In A Vase On Monday – Pink In Painted Glass

In A Vase On Monday – Pink In Painted Glass

Each Monday Cathy at Rambling In The Garden invites us to share a vase of materials gathered from our gardens.

In A Vase On Monday – Pink In Painted Glass

I think of early spring as the appropriate time for pink flowers but today autumn pinks star in this November vase. Sheffield chrysanthemums have been generously shared among neighbors in our community. I am not sure which homeowner planted them first but they thrive here and make good pass-alongs. Some are quite apricot but mine are definitely pink. Butterflies are said to like them but when I was gathering flowers for today’s vase,  bees were finding them delicious.

Chrysanthemum ‘Sheffield Pink’

On the north side of our house Camellia sasanqua ‘Hana Jiman’ is in full bloom. Its delicate flowers carry a lovely scent.

Camellia sasanqua ‘Hana Jiman’

Clematis ‘Niobe’ has been reblooming robustly for a month or so. It spills over the scalloped edge of the Fenton glass vase, drawing the eye to hand painted floral decoration.

Clematis ‘Niobe’

Clematis ‘Niobe’

Fenton Painted Glass Vase

Materials
Flowers
Camellia sasanqua ‘Hana Jiman’
Chrysanthemum ‘Sheffield Pink’
Clematis ‘Niobe’
Foliage
Container
Hand painted Fenton Glass Vase – USA

In A Vase On Monday – Pink In Painted Glass

In A Vase On Monday – Pink In Painted Glass

Thanks to our host Cathy at Rambling In The Garden for providing this opportunity to to share our vases. Visit her to discover what garden surprises she and others are offering this week.

22 thoughts on “In A Vase On Monday – Pink In Painted Glass

    1. tonytomeo

      Yes, I was about to say that. I do not bother growing them here (although there are at least two at work) because they bloom only in spring, and then get roasted for summer.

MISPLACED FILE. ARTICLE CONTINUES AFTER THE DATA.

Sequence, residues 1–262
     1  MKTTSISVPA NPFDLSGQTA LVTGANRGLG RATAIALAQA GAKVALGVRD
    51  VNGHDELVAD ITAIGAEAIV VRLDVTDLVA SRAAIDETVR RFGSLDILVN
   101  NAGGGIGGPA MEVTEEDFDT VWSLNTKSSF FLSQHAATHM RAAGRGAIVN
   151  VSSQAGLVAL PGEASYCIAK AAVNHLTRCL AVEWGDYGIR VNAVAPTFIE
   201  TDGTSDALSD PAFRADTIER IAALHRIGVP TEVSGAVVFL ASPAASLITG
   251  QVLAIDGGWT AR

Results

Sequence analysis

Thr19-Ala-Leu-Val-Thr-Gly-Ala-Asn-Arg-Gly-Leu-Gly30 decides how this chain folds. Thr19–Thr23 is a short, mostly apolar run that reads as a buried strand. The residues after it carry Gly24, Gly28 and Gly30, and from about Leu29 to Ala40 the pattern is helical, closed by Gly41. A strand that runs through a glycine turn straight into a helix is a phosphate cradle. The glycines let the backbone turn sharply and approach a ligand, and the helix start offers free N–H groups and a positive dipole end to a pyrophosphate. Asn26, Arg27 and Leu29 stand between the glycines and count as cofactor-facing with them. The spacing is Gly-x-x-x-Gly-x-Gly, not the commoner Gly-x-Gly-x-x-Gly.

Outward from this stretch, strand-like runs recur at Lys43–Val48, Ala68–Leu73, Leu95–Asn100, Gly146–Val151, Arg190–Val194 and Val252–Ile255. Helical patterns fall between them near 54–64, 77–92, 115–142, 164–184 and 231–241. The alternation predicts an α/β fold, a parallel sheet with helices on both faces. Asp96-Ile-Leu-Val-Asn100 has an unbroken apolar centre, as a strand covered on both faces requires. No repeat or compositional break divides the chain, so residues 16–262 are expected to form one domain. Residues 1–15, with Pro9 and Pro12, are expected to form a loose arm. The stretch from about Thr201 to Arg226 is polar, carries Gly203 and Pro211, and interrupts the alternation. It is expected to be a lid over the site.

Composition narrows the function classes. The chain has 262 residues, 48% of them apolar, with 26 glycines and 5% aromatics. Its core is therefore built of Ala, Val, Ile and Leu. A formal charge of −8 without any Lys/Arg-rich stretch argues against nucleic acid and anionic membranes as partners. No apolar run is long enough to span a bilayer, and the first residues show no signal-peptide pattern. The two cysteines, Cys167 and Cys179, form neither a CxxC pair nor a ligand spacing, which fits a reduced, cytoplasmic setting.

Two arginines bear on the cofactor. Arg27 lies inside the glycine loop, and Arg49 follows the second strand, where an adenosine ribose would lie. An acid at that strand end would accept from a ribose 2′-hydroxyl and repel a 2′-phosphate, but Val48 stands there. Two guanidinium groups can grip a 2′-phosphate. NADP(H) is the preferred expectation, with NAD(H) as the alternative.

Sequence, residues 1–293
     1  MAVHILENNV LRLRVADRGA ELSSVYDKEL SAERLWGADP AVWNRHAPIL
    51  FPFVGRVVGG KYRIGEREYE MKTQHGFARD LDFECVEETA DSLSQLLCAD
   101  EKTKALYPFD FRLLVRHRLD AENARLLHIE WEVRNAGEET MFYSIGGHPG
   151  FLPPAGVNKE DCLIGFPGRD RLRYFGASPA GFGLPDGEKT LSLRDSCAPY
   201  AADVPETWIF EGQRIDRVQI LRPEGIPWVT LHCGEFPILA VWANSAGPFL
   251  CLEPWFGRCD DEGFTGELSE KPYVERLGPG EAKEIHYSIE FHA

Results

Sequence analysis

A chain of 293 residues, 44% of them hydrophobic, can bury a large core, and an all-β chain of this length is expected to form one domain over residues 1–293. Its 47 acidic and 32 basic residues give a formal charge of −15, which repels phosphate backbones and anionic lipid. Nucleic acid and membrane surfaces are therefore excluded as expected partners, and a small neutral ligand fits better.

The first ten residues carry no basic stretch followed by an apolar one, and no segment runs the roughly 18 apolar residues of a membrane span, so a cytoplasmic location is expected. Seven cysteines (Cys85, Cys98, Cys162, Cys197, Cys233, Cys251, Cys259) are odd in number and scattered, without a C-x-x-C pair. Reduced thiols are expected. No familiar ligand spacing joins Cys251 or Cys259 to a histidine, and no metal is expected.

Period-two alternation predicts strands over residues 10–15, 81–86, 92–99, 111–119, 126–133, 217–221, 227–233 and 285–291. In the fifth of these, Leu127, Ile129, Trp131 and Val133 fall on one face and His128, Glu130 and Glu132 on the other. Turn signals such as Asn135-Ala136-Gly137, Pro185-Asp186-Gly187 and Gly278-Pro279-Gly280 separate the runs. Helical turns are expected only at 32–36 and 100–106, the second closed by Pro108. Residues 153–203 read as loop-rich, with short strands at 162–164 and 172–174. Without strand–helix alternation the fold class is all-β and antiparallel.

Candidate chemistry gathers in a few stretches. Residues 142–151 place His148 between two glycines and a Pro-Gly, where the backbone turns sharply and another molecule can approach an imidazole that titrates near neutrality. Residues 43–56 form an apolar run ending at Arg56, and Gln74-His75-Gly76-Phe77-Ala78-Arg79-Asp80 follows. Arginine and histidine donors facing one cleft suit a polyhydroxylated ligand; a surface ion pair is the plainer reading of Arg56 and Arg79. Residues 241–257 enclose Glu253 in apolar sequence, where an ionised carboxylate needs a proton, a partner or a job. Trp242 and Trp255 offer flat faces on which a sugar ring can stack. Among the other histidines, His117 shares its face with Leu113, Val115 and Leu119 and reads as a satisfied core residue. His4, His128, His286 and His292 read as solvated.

Reply
  1. Cathy

    That pretty vase is perfect to set these off, and what a lovely shade of pink they are – what do the plants themselves look like…?! Any reason why they are called ‘Sheffield chrysanthemums?

    Reply
  2. Kris P

    Although pink is far from my favorite color, I’ve long admired the Sheffield Chrysanthemums, which I’m acquainted with only through blog posts. The addition of the dark-flowered Clematis provides just the right accent, preventing the arrangement from becoming too sugar-sweet. And that vase was made for that arrangement, Susie.

    Reply
    1. pbmgarden Post author

      Kris, I’m not big on pink either but seem to have ended up with lots of pink. I agree the clematis helped it from being too pink. The vase was a gift from one of my sisters, very special.

      Reply
  3. Cathy

    I love pink Chrysanthemums and yours are no exception. What a delicate shade of pink. The other shades look beautiful alongside too, especially the Camellia which really stands out. 😃

    Reply
    1. pbmgarden Post author

      Thanks Amy. Hadn’t heard “Fall Daisy Mum” before but makes perfect sense. No one in the neighborhood ever had a name for them, so I identified them by seeing them on blogs and deciding that’s what they were. Not completely reliable but I do think they are. Missouri Botanical Garden website calls them C. ‘Hillside Sheffield Pink’ and describes them as apricot pink.

      Reply
  4. Noelle M

    I can imagine how lovely your garden and those of your neighbours as the Chrysanthemums have their moment. The flowers you chose including that lovely rich dark plum clematis Niobe are perfect partners in that unusual vase.

    Reply
    1. pbmgarden Post author

      Thanks. My sister purchased the vase new a few years back. I can’t remember exactly how long ago. It has an old-fashioned look to it, doesn’t it.

      Reply

Leave a Reply

Fill in your details below or click an icon to log in:

WordPress.com Logo

You are commenting using your WordPress.com account. Log Out /  Change )

Google photo

You are commenting using your Google account. Log Out /  Change )

Twitter picture

You are commenting using your Twitter account. Log Out /  Change )

Facebook photo

You are commenting using your Facebook account. Log Out /  Change )

Connecting to %s

This site uses Akismet to reduce spam. Learn how your comment data is processed.